Vietnam is one of the most bio-diverse nations in the world (UNDP 2010), with 7.6% of its terrestrial land considered PAs. Vietnam features around 30 national parks (most of which are legally classified as ‘special-used forests’ [SUFs]), 48 nature reserves, 11 species management areas and 39 landscape protection sites (Government of Vietnam 2012).

Different ministries govern PAs in the country. The Ministry of Agriculture and Rural Development (MARD) holds management responsibility for terrestrial SUFs, marine and wetland PAs are under the Ministry of Fisheries and the Ministry of Natural Resources and Environment, the Ministry of Planning and Investment is concerned with financial issues, the Vietnam National Administration of Tourism develops and implements the national tourism strategy and is responsible for promoting many of the PAs. Currently, MARD finances seven out of 128 SUFs, others depend on provincial budgets provided either by the respective Provincial People’s Committee (PPC) or by other line agencies such as the Provincial Forest Protection Department.

The past two decades have seen drastic changes in tourism development in the country. The political reforms of Doi Moi1 significantly influenced the way PAs are managed and governed. Suntikul, Butler and Airey (2010) examined the socio-economic, cultural and political issues which have been posed for tourism development and its stakeholders in PAs with the economic transition processes. They found that:

withdrawal of control … has enabled and encouraged change in tourism patterns in national parks. International organizations and private enterprises have taken advantage of unprecedented possibilities opened up by the removal of government restrictions and monopolies. International NGOs generally are interested in only some aspects of park development. The decentralization of control has also given individual parks new powers of self-determination, but there is little evidence of vision or innovation from any specific park management authority. Currently, no single entity or interest can be said to have a complete vision for, or complete control of, the development of Vietnam’s national parks. (Suntikul 2010:215; see also Larsen 2008)

Phong Nha-Ke Bang National Park
The Phong Nha-Ke Bang National Park is located in the central Vietnamese Province of Quang Binh. It covers an area of 123 326 ha, which has been divided into three administrative areas, each operating under a different management regime: a strictly protected area, an ecological restoration area and an administration and services area, with further sub-zones existing for the former two areas. The PNKB NP has received worldwide acclaim with the inscription onto the UNESCO Natural World Heritage list for its outstanding geological and geomorphological values (UNESCO 2013). The number of visitors has exponentially risen in the past decade from several tens of thousands to more than 400 000 visitors per year in 2012. The provincially approved Sustainable tourism development plan 2010–2020 for the PNKB NP region (including the National Park and its buffer zone) is, at least officially, the main guiding document for tourism development for provincial and district government as well as for planners and investors (People’s Committee of Quang Binh Province 2010).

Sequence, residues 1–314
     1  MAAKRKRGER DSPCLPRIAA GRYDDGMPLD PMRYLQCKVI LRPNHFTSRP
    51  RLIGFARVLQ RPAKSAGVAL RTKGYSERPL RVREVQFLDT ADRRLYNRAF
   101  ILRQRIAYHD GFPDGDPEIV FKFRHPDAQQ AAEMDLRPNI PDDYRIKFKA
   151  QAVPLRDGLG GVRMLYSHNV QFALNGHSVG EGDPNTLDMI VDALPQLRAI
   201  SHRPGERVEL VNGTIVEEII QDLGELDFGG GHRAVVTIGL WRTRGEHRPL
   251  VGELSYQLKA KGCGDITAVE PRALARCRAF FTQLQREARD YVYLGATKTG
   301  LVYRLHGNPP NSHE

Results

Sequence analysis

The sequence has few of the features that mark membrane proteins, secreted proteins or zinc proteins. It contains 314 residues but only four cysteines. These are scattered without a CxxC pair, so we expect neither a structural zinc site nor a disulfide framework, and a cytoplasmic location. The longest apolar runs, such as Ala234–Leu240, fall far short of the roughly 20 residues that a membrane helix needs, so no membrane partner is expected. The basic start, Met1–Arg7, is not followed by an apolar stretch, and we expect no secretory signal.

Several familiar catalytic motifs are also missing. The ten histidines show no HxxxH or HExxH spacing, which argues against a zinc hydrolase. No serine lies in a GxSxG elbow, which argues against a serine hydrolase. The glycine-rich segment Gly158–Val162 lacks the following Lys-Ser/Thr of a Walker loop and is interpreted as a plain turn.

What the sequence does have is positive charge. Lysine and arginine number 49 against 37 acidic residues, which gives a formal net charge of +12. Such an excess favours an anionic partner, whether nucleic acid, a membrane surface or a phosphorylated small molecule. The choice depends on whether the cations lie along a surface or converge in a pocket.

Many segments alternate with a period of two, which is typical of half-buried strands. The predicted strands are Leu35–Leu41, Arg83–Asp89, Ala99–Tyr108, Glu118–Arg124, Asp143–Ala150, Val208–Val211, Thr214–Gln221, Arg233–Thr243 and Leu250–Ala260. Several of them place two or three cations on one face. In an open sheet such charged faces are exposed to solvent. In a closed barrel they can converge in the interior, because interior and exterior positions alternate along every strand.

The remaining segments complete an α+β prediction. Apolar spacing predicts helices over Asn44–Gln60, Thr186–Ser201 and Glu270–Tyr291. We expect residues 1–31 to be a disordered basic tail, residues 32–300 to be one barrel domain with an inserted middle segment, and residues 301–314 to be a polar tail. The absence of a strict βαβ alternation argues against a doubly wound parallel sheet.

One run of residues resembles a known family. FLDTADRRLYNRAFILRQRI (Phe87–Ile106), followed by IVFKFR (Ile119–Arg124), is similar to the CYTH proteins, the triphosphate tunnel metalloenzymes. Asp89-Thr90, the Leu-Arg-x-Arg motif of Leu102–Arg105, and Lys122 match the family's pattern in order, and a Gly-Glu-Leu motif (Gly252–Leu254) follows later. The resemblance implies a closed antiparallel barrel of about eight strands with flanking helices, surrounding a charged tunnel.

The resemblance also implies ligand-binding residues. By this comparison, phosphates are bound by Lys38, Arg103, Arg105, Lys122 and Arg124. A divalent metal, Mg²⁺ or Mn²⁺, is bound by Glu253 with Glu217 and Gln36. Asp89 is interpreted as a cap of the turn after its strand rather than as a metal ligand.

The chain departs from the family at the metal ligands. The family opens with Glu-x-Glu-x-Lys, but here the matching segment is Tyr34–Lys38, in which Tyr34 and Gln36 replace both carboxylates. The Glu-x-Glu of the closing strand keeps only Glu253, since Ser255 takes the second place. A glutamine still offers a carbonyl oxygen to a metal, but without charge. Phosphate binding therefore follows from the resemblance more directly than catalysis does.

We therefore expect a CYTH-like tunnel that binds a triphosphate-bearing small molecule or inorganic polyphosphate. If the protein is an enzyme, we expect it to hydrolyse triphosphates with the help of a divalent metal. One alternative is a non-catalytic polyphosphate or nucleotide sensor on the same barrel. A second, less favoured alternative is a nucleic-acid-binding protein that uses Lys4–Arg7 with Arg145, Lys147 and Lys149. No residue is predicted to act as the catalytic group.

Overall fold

Ownership of land resources and types of tourism site management
Resource ownership of the PNKB NP, including the NP area and the World Heritage Property, lies with the National Park Management Board (NPMB) and thereby with the national government. The land of the NP is managed as SUF land and is protected under Vietnamese forest law. The NPMB, with a provincial status similar to that of a provincial line department, is responsible for (managing) the protection of these resources. The NPMB can also make sustainable use of the resources for tourism activities, given that relevant regulations set out by the respective responsible Ministries are adhered to. Cooperation with line agencies on the implementation of these activities is encouraged. Two villages with a combined population of around 78 inhabitants are located within the borders of the NP. Table 2 outlines the different types of management which apply to the resources that are currently exploited for tourism activities in the PNKB NP.

In June 2012, a Prime Ministerial decision (Decision 24/QĐ-TTg) (Prime Minister 2012) was released on piloting investment opportunities for private tourism development in Vietnam’s NPs. The Decision proposes the conversion of tourism centres or other ‘ecotourism business units’ into joint stock companies (whereby the NPMB will hold at least 51% of capital), if annual revenues exceed 3000 million VND. Rental fees of operated sites and activities within the NP are subject to negotiation every 5 years, with rental periods of a maximum of 50 years to apply. At the same time, the Decision also encourages lease agreements between SUF Management Boards and tourism businesses, organisations or individuals. Leasing periods for up to 50 years can be agreed upon, with the possibility of extensions of up to 20 years. Whilst the PNKB NP has indicated interest in becoming a pilot site for conversion of the PNKB Tourism Centre into a joint stock company, so far no serious follow-up has taken place.

TABLE 2: Examples of management types of tourism activities in the Phong Nha-Ke Bang National Park.

Income sources